Thirty five years later the first assisted reproductive technology program opens in Cambodia

Dominique de Ziegler, M.D., Sokteang Sean, M.D., Antonio Pellicer, M.D.

Volume 103, Issue 5, Pages 1146-1149


In the fall of 2014, the first assisted reproductive technology (ART) program opened in Cambodia. This event took place in Phnom Penh 35 years after Cambodia emerged—in the early days of 1979—from the worst geopolitical nightmare and genocide that the world has known since the Holocaust. In nearly 4 years of abuse, the Khmer Rouge regime through active killing and starvation had exterminated a third of the country’s population, who perished in the Killing Fields. In January 1979—the nightmare suddenly over—the country stood in rags and tears, with all needing to be rebuilt from scratch while wounds healed.

  • Dominique de Ziegler

    Hi there. T

    hanks for your interest in this article recounting the opening of the 1st ART center in Cambodia 35 years after the end of the Khmer Rouge nightmare, and 35 years after the birth of Louise Brown

    Cambodia is an emerging country with a rapidly increasing middle class and an annual growth rate in excess of 7%. The founders of this clinic are offering locally treatments that were previously sought abroad through Cross Border Fertility Care (CBFC). The latter results in possible complications that the local medical facilities can’t properly handle.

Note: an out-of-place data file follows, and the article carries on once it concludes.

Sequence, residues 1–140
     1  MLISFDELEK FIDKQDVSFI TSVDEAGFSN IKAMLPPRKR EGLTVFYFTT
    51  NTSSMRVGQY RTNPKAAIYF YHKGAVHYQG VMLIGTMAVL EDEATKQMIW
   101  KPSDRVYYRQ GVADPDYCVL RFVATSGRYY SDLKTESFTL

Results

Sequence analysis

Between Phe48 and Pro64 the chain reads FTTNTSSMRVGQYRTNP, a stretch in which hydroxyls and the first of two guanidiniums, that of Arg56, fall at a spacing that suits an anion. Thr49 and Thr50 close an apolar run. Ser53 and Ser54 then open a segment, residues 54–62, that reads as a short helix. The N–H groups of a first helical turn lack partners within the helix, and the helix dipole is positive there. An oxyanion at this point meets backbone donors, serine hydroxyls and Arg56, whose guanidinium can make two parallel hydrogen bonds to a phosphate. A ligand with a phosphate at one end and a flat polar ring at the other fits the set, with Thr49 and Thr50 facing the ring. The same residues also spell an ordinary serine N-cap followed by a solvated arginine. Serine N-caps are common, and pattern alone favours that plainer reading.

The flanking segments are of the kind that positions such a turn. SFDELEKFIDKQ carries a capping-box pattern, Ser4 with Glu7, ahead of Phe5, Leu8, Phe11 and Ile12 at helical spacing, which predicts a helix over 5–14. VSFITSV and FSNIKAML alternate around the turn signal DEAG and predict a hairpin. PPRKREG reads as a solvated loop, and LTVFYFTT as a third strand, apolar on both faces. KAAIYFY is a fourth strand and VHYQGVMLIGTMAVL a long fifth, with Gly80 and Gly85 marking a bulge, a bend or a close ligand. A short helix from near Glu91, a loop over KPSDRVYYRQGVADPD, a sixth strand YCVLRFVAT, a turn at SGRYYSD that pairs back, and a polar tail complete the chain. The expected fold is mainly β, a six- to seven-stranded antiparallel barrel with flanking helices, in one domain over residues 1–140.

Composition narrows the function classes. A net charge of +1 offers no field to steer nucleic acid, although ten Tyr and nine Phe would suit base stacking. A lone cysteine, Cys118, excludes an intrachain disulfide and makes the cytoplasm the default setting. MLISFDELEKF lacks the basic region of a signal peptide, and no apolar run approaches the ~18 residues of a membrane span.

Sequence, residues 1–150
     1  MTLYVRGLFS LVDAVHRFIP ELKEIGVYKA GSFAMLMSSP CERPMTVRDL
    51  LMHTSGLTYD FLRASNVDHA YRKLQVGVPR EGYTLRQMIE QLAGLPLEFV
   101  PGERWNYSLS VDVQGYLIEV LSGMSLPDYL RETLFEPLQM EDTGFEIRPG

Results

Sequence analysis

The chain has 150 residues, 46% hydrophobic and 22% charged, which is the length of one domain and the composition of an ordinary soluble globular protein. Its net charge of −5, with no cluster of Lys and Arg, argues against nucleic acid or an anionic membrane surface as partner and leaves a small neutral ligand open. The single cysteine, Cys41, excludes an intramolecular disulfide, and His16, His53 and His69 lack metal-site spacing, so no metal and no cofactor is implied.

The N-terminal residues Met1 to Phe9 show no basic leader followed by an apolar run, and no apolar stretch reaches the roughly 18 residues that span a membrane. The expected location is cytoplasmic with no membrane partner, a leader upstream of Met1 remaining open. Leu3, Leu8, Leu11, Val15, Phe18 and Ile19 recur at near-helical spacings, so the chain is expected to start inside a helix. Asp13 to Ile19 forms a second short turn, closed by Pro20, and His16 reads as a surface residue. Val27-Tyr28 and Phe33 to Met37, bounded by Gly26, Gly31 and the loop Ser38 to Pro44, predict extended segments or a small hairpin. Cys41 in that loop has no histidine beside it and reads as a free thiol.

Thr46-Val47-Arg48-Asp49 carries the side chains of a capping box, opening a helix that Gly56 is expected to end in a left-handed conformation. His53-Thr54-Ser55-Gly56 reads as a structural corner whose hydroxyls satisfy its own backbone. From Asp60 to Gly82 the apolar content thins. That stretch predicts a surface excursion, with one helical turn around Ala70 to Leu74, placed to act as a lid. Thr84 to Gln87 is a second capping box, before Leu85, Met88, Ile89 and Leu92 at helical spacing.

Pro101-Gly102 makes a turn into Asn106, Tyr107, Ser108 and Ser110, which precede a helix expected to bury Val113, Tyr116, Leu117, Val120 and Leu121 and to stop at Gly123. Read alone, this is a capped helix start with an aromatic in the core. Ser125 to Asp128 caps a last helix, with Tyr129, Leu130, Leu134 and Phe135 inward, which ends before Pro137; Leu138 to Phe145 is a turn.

The founders of this clinic – my former fellow – are in the process of expanding their services for offering comprehensive fertility and reproductive endocrine services, including laparoscopy approaches to tubal disease when encountered in young women.

    Moreover, this clinic is projecting to team up with the University of Cambodia for training Ob-Gyn residents in fundamentals of REI.

    I personally strongly support such move in every country where there is a middle class speaking these services. This should be seen as part of a positive move toward modern medical care in the wake of a rapidly evolving growth, which stands in parallel – not in opposition – with the humanitarian help that Cambodia – a traumatized country by civil war – still needs.


    Dominique de Ziegler, MD

  • msamplaski

    I would be interested to know what the impetus for opening this center, in one of the poorest countries in the world, is. With the increasing focus on socioeconomics and fertility, the reason for this center being opened would be particularly germane.

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